Where Do We Go From Here?

Wednesday’s International Atomic Energy Agency’s report about Iran’s nuclear program should alarm everyone who cares about keeping weapons of mass destruction out of the hands of third world dictators and terrorists. Since August, Iran has increased its stash of enriched uranium by over 30%. Analysts say Iran is enriching uranium at a pace that will allow them to produce enough fissile material for a crude nuclear bomb by early 2009.

To make matters worse, the IAEA also reported that there has been a complete breakdown of communication between them and the Iranian regime over Iran’s nuclear weapons program. This, of course, makes the job of the already hapless UN agency even more difficult.

A defiant Iran brings up the most important question in national security today, “Where do we go from here?” President-elect Obama is faced with several choices, none of which are great. First, he can, as promised, open a dialog directly with the Iranian president (while others in his administration carry on lower level talks). Since the Europeans have been attempting to negotiate away the Iranian nuclear program for years, this seems unlikely to work. Also, remember that we have had some direct negotiations with the Iranian government over the past several years. Specifically, US ambassador to Iraq, Ryan Crocker, has met on several occasions with his Iranian counter-part. Again, there was no progress from these negotiations.

Second, Mr. Obama can take military action to destroy or significantly impede Iran’s ability to manufacture WMD. If this were to work, it would be our best option. Forever putting to bed the threat of this terrorist regime obtaining the world’s most dangerous weapons and, at the same timing, warning all other rogue regimes that the United States means business when it says that it will not tolerate nuclear proliferation.

However, as with all military operations, there are no guarantees of success and the ancillary consequences may not be good. Iran may have the ability to activate terrorist cells around the world (including in the US) to strike at US civilians, installations and interests. I do think that this threat is substantially less than the threat of a nuclear armed Iran. And, of course, it would result in increased oil prices.

There has also been some talk in the Israeli press recently that the Israeli’s are moving in the direction of a military confrontation with Iran over this issue. I, however, doubt that Israel will be willing or able to act. They have an upcoming election in February and it is unlikely that a lame duck prime minister who has shown no ability to manage international threats will suddenly decide to act.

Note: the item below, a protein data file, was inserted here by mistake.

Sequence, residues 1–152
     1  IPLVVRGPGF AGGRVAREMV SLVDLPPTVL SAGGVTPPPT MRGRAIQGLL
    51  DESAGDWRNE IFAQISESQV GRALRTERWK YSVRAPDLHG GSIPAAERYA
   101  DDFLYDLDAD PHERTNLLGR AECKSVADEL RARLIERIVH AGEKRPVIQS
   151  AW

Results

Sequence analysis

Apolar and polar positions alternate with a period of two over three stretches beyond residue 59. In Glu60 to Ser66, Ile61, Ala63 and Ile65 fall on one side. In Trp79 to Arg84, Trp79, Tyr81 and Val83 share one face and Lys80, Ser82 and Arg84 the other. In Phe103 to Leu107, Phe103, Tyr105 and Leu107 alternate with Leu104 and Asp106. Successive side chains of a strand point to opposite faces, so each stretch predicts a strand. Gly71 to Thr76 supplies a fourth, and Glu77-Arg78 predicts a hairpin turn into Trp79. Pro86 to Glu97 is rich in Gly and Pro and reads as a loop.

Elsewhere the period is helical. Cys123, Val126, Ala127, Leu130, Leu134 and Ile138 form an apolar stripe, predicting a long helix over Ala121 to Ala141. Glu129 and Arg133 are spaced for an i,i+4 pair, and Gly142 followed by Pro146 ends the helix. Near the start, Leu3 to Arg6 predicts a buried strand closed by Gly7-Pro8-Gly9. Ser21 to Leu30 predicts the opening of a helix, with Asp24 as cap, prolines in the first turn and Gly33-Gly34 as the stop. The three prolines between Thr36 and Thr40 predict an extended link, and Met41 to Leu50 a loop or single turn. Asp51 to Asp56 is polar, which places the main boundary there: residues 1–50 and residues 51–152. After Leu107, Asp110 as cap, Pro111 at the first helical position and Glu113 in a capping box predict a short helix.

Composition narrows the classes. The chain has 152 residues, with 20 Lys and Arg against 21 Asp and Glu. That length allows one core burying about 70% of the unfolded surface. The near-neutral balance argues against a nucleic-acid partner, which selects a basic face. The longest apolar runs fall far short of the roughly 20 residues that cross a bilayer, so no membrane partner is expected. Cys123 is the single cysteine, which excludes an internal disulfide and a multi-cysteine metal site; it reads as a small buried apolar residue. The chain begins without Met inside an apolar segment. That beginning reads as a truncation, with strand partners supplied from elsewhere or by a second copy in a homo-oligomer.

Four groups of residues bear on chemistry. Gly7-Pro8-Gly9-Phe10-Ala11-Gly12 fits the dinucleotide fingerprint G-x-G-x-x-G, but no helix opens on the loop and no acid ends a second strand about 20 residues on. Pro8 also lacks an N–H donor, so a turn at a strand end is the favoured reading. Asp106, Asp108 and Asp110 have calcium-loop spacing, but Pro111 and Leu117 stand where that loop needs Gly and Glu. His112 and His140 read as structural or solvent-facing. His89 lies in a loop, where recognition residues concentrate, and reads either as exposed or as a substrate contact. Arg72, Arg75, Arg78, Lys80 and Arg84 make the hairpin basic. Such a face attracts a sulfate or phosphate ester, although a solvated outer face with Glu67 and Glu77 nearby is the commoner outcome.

A third approach is proposed by Rep. Mark Kirk (R-IL). Congressman Kirk (who happens to be my Congressman), proposes that we engage in a naval blockade of all Iranian ports. This would have devastating effects on the Iranian economy, especially in the energy sector. Despite being one of the world’s top oil producers, Iran has very little refining capacity and imports most of its usable oil via oil tanker. Congressman Kirk figures that a blockage will cause such an economic crisis that either the Iranian government will be forced to end its nuclear program in a verifiable way so as to end the blockade or it will be overthrown by factions who wish closer ties to the west in general and the US in particular.

This approach seems reasonable, but is not without its potential problems. The Iranians may activate their terrorist cells because they consider the blockage provocative (after all, under international law, this is an act of war). Oil prices would increase as well. Also, this too may not work. Then, we are left with either more talking or military action.

The final option is, of course, allowing Iran to possess nuclear weapons. Of all of the options, this is by far the worst. Nothing good will come from it!

As we approach inauguration day, President-elect Obama has some difficult choices to make. Let’s just hope that he has an effective idea for “Where do we go from here?”

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